The Kunya: Cowardice & Principles

بِسۡمِ ٱللهِ ٱلرَّحۡمَـٰنِ ٱلرَّحِيمِ

It seems like, no matter the topic, posts online are eventually invaded by the rude comments of Abu so-and-so or Umm so-and-so.  In Arabic, “Abu” means “Father of” and “Umm” means “Mother of.”  This form of naming convention is a tetronym called a kunya in Arabic.  A quick background search on these people reveals everything from lion pictures, jihad flags, superheroes and even pictures of the forbidden.  In short, often times, these people are using a kunya to hide their identity.

Here are two axioms related to the use of a kunya that Ustadz Suhaib Webb heard from his teachers.

Firstly, if a person tries to act like a scholar or speak from a position of authority, using a kunya to hide his identity, then he is considered majhul, unknown, and his critiques or statements about faith rejected.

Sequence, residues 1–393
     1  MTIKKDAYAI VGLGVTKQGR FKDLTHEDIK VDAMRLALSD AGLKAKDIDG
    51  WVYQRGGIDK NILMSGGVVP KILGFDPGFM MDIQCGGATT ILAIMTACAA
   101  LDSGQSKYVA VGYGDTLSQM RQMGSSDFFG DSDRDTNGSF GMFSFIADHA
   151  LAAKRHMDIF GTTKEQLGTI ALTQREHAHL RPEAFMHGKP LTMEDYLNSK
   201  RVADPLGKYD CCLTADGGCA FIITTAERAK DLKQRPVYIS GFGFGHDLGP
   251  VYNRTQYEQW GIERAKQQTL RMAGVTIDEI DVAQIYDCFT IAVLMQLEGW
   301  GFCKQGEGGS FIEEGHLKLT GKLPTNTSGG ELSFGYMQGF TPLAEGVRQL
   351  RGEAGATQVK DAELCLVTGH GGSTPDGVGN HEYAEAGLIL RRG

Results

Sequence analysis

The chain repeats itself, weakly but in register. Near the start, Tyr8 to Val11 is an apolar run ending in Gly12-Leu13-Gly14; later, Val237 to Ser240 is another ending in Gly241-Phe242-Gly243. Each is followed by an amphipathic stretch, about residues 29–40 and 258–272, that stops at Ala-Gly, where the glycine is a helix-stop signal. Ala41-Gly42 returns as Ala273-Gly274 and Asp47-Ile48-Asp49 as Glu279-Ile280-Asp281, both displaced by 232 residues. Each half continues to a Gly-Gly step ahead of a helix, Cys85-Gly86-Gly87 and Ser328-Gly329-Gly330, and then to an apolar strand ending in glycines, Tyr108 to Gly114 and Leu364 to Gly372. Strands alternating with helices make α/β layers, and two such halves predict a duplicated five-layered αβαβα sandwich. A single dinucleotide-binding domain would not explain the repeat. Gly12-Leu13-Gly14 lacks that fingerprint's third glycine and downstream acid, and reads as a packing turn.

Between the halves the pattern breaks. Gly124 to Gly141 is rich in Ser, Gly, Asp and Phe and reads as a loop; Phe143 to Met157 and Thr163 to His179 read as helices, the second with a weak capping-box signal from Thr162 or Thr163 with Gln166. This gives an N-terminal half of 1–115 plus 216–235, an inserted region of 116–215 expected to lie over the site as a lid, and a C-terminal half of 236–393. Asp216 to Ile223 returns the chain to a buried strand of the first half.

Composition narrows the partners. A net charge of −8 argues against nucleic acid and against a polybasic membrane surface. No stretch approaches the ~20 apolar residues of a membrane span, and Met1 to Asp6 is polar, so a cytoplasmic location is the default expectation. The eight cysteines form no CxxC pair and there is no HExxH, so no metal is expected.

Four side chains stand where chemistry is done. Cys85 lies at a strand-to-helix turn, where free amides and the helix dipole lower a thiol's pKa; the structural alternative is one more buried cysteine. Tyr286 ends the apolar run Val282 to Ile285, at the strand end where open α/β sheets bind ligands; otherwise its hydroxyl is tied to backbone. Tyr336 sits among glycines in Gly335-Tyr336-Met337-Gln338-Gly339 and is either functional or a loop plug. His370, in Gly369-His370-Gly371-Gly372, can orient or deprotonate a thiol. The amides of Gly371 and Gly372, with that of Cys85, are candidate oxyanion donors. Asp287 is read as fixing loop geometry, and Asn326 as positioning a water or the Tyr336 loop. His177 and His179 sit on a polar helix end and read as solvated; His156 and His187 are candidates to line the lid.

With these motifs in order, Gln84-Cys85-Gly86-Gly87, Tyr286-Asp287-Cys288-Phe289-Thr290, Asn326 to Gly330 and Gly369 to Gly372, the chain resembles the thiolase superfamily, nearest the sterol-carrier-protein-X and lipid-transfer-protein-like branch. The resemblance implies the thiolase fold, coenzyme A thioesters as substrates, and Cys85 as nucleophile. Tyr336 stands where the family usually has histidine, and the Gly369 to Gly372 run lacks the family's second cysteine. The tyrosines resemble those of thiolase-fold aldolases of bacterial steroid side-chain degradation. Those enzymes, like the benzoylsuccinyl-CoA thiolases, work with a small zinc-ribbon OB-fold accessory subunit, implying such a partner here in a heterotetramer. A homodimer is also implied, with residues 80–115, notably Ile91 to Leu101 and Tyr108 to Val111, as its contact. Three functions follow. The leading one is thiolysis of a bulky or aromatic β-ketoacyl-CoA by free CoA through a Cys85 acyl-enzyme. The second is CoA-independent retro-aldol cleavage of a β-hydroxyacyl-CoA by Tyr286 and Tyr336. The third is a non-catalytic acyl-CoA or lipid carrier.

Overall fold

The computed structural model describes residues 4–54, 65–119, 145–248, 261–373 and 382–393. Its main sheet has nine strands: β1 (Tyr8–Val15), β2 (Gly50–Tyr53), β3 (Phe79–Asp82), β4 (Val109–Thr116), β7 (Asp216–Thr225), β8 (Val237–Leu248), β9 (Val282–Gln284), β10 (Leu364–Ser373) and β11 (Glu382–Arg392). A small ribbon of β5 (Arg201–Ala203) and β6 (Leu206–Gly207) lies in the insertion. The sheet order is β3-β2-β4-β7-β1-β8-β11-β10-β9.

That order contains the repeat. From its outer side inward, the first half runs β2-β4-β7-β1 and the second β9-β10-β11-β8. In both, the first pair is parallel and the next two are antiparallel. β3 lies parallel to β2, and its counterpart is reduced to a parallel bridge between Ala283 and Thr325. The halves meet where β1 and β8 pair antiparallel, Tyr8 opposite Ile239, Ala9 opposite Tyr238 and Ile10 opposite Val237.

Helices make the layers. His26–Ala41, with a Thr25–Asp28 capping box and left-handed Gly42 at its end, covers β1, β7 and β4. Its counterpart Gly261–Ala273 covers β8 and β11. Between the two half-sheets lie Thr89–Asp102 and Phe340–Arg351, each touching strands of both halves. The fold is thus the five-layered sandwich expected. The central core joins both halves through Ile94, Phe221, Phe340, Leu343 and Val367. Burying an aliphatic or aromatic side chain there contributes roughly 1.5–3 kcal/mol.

Secondly, and he heard this verbatim from his teacher in ahadits, Shaykh S’ad Jawish ash-Shafi’i: “An unknown critic is ignored.”

For that reason, the Maliki madzhab does not allow books written by unknown sources for religious guidance and fatawa  to be relied upon, and scholars of ahadits reject the criticism of an unknown person.  People who comment with a kunya, hiding their identity so they can critique, intimidate others or claim religious authority, are not only contradicting the faith they claim to love, but should be called out for their cowardice and ignored.  The same for those who post blogs that attack others, hiding their identity.  For those who use a kunya sincerely with the intention to follow the sunnah of the Prophet (s.a.w.), this post does not apply to them.

So, the next time an unknown bully tries to intimidate us, or take over our comments section, please feel free to send this their way.


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